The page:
A Tale of Two Naxalites: A Cup of Tea with the Revolutionaries Who Were a Thorn in the Side of Both Landowners and the Communist Party

By Baird, Vanessa | New Internationalist, March 1993 | Go to article overview

A Tale of Two Naxalites: A Cup of Tea with the Revolutionaries Who Were a Thorn in the Side of Both Landowners and the Communist Party


Baird, Vanessa, New Internationalist


Mandakini and Ajitha are mother and daughter. They also share a political past -- as members of the notorious Maoist Naxalite movement. But Ajitha is the better known: she was the 19 - year - old who took part in a guerilla attack on a police station in the Wynad region, during which a police officer was killed.

That was back in 1969. Now Ajitha and her mother live a quiet family life in a suburb of Calicut. To get to their house you pass lazy grazing cows, little streams, coconut trees and brightly painted houses. Ajitha's politics have changed. She is now deeply involved in the feminist movement and has started a radical group called Bodhana -- which means 'awareness'. She greets me warmly, serves tea and starts talking about her life:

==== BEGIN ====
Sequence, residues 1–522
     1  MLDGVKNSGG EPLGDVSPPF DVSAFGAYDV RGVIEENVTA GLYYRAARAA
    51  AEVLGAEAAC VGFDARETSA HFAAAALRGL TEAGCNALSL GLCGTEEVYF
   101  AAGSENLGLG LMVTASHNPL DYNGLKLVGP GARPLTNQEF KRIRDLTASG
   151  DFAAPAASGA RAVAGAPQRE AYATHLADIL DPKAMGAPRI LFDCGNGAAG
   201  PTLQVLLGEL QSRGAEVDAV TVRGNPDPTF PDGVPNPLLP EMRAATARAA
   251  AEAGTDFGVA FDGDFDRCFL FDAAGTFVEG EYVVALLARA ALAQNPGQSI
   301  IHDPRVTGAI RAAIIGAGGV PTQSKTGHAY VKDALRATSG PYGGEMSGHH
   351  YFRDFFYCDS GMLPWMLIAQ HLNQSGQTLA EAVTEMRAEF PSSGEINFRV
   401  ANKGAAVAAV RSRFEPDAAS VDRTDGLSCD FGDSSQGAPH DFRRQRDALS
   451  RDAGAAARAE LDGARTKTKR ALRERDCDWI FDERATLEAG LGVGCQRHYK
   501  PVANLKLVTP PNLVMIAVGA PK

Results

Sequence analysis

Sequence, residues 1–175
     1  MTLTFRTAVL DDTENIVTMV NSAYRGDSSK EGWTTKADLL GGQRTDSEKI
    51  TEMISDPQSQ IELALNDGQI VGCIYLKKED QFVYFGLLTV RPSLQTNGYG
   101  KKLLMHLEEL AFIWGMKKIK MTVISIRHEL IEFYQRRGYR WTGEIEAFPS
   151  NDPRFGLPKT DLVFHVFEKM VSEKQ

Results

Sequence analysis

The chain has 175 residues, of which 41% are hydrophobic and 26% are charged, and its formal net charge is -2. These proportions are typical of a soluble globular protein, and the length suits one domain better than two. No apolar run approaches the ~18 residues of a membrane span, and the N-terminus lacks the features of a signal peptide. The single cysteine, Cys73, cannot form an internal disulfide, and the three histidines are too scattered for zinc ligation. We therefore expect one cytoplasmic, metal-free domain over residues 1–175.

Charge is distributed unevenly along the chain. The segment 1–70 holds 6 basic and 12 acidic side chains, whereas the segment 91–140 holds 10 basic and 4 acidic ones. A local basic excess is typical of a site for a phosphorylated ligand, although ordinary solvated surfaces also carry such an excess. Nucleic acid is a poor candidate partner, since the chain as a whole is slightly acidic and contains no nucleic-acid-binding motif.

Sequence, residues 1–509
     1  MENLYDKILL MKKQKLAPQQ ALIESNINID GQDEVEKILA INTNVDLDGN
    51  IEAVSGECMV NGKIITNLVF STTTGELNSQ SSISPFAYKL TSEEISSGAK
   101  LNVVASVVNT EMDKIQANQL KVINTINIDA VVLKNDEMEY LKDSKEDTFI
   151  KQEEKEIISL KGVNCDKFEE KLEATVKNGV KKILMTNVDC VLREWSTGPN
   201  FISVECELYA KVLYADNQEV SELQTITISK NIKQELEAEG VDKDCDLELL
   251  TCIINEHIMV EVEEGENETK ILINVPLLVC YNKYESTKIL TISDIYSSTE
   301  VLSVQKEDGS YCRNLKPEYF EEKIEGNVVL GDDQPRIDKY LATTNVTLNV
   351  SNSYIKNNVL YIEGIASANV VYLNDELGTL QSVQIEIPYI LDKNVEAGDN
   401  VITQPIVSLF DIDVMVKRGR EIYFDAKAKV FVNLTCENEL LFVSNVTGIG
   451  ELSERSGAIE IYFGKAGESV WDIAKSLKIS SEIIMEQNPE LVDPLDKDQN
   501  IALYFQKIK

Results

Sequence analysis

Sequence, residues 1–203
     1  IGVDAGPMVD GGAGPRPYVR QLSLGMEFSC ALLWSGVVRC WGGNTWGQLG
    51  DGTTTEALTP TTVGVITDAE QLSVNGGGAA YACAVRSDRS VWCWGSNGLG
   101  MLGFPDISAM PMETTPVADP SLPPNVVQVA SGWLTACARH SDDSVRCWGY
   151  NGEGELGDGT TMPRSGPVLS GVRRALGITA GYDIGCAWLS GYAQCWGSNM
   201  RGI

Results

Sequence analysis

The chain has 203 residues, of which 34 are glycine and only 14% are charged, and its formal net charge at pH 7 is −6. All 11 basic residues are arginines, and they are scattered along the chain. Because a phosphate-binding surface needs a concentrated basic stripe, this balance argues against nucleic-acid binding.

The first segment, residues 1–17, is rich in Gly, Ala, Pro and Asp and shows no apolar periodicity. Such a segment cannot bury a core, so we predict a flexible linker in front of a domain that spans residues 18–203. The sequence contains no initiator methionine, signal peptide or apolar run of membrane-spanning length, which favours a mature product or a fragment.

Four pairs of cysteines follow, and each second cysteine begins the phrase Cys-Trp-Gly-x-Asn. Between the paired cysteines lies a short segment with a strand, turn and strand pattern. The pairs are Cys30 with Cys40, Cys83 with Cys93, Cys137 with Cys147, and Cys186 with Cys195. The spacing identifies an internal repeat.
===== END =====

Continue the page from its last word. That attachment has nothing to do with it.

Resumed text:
I grew up with revolutionary ideas. My father was leader of the Naxalites here in Kerala. When I was 19 I dropped out of college to devote myself to political activism.

The aim of attacking the police station was to start the armed struggle in the Wynad area. We were impatient for a revolution. I was not in a leading position but because I was the only woman in that group the newspapers concentrated on me. We were all caught a few days later and our whole dream was shattered.

The next seven - and - a - half years I spent in jail. I cannot say I was treated well -- there was a lot of mental torture. I was not allowed to receive letters from my mother and father, who were also in jail. But I used to read a lot. That kept me going.

My political beliefs did not change then but I found I could not agree with what many Naxalites were doing. Individual killings and personal vendettas were being pursued. Naxalites ended up not trusting each other. …

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